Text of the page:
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Cemetery Road Baptist Church is a Christian place of worship for a multi-ethnic, largely immigrant congregation in one of Sheffield's most deprived inner-city areas.

The layout of the south facing Victorian Grade II listed main church building remains relatively unchanged since its construction in 1867. Over the years, extensions to the North, East and West have been added to facilitate additional community gatherings, workshops and reception spaces with access from Napier Street to the North of the site.

At the time of commencement of our Agile in Building project, church governors had previously engaged a professional architect to review the property needs of the Church and to arrive at a masterplan for the next ten years.

The resulting masterplan arrived at an 8-phase plan to respond to the client brief for an upgraded building that would do more to raise the profile of the church in the local community.


After a church pulpit and social media call to the two hundred strong community of church members and volunteer workers, twenty-three of them registered on our website to join the Agile in Buildings user group.  The subsequent ideas charrette painted a picture of a building that was physically divided into two halves. The main church area for worship services was accessed via a processional stair on Cemetery Road to enter to the church at first floor level. The community activities of the church are accessed via Napier Street entrance.  Users communicated the frustrations but also the advantages of access from Napier Street. Of highest concern, the Church was known as Cemetery Road Baptist Church, but most events were accessed through Napier Street causing great confusion to visitors. Security concerns meant the church doors on the busier thoroughfare remained closed, so access for visitors was always a challenge.  To most passers by the building looks empty. Users wanted a building that could be accessed more freely, was inviting, but was cognoscente of the security issues of the area. They were also keen the building should be more navigable and transparent once inside. It's fair to say that many of the items highlighted in the charrette were reflected in the architect's original masterplan.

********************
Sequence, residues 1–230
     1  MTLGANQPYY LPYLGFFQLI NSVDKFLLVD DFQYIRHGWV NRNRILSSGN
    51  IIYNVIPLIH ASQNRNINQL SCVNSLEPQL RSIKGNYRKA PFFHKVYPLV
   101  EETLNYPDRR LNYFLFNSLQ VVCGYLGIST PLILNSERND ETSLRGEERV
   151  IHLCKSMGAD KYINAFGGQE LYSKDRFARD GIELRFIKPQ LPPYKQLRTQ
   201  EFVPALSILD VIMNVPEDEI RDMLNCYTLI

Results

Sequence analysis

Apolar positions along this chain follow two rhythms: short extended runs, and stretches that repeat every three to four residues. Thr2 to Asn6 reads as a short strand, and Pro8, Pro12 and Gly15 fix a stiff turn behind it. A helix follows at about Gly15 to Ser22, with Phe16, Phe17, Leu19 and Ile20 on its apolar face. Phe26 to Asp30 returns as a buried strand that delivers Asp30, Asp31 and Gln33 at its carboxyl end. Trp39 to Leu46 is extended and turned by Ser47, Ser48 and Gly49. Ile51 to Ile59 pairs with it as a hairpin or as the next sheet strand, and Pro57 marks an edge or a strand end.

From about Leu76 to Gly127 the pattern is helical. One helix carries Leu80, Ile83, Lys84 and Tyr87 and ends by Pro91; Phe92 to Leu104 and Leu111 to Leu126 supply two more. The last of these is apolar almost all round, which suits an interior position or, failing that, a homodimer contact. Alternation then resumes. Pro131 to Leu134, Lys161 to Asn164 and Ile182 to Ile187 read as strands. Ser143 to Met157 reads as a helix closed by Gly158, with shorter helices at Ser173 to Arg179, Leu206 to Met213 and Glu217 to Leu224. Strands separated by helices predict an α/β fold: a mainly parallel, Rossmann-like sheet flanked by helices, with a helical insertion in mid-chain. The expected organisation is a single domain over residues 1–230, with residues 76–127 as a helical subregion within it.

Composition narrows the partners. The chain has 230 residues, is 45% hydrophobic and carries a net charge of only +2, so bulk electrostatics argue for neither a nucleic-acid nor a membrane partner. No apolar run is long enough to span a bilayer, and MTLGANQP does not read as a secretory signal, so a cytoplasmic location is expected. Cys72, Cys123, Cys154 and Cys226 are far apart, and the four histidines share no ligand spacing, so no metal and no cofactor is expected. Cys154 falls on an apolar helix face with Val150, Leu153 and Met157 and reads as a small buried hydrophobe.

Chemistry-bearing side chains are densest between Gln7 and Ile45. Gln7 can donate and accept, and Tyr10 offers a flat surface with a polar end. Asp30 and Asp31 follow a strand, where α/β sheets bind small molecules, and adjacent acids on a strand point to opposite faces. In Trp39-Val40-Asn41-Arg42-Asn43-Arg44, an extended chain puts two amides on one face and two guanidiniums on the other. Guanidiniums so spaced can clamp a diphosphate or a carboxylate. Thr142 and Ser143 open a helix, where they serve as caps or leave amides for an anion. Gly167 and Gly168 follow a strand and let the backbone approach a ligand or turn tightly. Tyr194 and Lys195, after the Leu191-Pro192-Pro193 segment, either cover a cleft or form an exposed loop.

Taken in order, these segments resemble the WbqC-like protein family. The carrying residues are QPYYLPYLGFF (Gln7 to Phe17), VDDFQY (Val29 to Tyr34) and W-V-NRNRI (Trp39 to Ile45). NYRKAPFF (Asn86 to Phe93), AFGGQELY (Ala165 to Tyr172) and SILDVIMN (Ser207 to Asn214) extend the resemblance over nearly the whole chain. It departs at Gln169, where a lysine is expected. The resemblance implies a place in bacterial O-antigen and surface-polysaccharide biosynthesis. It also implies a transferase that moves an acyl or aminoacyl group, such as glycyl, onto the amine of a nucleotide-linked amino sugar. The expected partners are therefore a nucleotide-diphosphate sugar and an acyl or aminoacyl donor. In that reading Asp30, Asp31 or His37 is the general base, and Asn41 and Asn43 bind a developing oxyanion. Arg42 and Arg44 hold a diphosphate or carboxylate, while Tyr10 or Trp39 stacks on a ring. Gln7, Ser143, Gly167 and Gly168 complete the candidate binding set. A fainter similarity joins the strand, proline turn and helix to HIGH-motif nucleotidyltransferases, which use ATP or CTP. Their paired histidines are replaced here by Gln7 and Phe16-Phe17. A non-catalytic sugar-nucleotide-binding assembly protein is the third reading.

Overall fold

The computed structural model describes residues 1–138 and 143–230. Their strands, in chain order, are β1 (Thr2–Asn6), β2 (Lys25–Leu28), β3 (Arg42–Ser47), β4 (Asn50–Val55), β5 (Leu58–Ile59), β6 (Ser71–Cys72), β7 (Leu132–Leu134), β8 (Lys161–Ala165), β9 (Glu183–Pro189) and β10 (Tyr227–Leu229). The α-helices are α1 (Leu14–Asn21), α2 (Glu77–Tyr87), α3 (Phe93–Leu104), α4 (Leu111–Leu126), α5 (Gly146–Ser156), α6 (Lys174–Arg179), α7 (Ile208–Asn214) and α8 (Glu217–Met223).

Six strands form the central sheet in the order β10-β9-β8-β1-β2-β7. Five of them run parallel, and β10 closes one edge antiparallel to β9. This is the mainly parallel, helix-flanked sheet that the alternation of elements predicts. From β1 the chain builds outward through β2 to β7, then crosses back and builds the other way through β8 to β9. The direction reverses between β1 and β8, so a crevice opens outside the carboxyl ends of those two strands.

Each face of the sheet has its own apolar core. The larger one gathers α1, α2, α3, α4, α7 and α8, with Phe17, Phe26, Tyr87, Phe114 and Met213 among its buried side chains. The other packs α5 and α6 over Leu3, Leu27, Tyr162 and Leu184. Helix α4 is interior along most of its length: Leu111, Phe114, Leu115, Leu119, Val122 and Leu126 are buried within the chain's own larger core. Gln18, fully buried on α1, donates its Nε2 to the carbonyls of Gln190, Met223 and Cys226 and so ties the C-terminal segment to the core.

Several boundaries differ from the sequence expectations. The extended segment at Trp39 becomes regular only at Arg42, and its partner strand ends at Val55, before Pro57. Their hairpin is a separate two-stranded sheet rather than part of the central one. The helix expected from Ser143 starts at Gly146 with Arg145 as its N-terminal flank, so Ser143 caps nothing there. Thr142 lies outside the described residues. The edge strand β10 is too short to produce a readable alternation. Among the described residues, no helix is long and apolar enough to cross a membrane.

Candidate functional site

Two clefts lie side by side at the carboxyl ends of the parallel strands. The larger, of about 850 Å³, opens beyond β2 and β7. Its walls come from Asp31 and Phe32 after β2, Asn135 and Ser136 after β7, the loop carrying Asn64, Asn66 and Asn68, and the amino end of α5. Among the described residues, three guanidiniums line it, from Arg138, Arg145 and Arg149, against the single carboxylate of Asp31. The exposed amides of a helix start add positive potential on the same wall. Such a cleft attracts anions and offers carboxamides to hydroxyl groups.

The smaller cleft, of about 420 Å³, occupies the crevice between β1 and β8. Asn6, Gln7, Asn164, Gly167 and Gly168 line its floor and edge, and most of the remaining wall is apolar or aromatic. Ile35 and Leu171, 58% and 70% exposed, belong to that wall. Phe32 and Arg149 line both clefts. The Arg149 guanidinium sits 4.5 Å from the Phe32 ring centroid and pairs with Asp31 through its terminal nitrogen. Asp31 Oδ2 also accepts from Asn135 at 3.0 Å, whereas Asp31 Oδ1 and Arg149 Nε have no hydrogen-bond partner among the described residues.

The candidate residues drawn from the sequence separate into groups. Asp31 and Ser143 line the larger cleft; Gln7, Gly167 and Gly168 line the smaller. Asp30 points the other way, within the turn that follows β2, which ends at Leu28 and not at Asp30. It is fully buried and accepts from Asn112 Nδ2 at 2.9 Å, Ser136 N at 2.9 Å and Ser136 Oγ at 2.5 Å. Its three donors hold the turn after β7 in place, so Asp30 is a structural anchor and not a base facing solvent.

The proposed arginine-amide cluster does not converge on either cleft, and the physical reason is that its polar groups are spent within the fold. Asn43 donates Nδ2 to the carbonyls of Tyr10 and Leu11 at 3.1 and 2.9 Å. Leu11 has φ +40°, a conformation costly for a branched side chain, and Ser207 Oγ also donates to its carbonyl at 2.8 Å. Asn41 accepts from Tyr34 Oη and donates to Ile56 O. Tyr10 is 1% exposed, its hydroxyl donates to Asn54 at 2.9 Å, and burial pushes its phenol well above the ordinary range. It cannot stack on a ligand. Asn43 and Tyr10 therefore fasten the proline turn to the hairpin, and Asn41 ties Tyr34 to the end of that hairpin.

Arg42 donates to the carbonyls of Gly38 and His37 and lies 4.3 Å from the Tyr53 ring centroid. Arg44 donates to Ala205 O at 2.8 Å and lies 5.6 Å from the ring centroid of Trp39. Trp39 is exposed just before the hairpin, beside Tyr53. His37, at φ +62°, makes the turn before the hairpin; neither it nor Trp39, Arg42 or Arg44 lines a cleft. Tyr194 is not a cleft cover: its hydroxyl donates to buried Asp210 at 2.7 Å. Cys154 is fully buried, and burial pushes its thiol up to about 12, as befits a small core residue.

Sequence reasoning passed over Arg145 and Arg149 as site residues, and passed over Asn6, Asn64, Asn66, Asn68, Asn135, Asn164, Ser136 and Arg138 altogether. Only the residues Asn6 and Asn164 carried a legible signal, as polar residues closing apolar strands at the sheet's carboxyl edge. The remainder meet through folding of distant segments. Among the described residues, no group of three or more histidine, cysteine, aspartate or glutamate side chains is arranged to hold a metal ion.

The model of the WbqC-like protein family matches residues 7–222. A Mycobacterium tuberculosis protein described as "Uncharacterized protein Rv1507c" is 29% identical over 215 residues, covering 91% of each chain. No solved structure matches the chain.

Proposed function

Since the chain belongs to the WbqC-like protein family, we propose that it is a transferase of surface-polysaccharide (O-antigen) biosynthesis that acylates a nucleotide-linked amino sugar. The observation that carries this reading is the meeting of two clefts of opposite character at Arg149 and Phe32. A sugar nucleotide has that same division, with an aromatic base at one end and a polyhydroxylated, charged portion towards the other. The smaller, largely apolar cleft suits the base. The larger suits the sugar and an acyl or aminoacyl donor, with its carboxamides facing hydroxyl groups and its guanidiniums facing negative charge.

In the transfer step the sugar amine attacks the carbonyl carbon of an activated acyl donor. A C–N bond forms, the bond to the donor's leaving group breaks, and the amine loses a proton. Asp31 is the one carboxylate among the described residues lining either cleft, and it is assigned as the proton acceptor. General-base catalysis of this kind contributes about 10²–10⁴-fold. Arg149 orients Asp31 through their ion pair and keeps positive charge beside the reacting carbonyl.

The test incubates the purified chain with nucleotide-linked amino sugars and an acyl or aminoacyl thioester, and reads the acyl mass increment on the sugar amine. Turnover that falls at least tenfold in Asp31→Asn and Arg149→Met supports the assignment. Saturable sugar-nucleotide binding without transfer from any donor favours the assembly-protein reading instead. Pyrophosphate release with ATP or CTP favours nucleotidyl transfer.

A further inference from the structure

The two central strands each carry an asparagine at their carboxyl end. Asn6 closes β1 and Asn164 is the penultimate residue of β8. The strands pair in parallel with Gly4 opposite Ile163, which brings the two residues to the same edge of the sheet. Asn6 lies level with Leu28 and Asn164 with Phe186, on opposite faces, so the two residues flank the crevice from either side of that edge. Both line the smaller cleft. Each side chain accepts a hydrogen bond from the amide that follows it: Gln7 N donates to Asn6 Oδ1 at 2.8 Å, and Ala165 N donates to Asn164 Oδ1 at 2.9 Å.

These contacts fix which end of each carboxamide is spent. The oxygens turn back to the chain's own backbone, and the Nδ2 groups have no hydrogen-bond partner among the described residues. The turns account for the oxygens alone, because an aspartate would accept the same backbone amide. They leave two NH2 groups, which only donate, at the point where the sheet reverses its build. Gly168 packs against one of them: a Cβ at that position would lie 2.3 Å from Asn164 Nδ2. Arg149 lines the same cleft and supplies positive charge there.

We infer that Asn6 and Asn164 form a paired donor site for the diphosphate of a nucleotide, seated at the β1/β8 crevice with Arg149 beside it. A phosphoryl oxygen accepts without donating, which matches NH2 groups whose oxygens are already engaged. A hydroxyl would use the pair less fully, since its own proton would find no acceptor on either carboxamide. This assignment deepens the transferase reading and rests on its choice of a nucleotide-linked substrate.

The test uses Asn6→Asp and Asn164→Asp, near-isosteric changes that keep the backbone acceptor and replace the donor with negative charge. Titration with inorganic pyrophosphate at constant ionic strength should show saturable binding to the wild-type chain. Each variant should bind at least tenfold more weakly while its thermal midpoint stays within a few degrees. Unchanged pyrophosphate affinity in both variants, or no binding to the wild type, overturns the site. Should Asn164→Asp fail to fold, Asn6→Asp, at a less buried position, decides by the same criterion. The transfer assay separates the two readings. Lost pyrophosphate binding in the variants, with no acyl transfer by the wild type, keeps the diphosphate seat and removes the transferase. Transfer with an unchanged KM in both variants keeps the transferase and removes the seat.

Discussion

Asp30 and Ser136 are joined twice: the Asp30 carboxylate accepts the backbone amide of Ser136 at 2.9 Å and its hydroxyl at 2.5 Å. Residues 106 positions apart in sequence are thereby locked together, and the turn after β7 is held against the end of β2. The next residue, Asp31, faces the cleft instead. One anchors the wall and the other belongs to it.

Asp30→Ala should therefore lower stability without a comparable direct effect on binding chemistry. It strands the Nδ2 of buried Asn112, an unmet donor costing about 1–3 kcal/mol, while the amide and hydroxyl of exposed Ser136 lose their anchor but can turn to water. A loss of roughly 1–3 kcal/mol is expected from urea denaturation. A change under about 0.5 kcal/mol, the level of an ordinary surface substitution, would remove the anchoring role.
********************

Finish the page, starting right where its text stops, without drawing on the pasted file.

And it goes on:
When users and our designers conducted a site visit to understand the access dilemmas, ideas for how users might solve the highlighted problems were discussed.  Back in the charrette the co-design designers and user teams arrived at a solution that saw a departure from that proposed previously.

A glass link was conceived to connect Cemetery Road to Napier Street along the East elevation of the church. The new link space solved a great many incumbent access and street profile issues.  It provided clarity to visitors; it was an accessible space but still a security buffer to the rest of the church. It connected to existing internal primary routes and neutralised the navigation issues. It became a “heart space” a place for events and community. It celebrates the architecture of the church giving new civic meaning to it.  Users loved it and now have another dilemma.  Should they build the link or follow the previously developed masterplan?

Later, our lead designer confessed, this exquisite solution was only made possible through Agile Methodology's instant validation by users.  The original architect just did not have this second voice to validate decisions at the point of conception.  Agile user-centric design does not come up a vastly different list of issues to be addressed, nor does it do away with the need for great architecture.  With the aid of users it validates and prioritises the list of requirements so that the things of most value to those who will use the church day to day are highlighted.  All of this allows value and thus funding to be better targeted.  Enabling a series of solutions that are owned, loved and fundable by the people who matter most. 



Client : Cemetery Rd. Baptist Church

Construction Value: undisclosed

Date: September 2019

Floor Area: 2400m2



Model showing the design for the new link corridor.

VIDEO - how Agile happened

VR MODEL - take a tour

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Click image to download the model and experience what it's like to look around yourself.


"The whole process has been enlightening and helpful.

We appreciated the valuable guidance and input into our overall vision-clarification and  briefing process.”

- Church Governor

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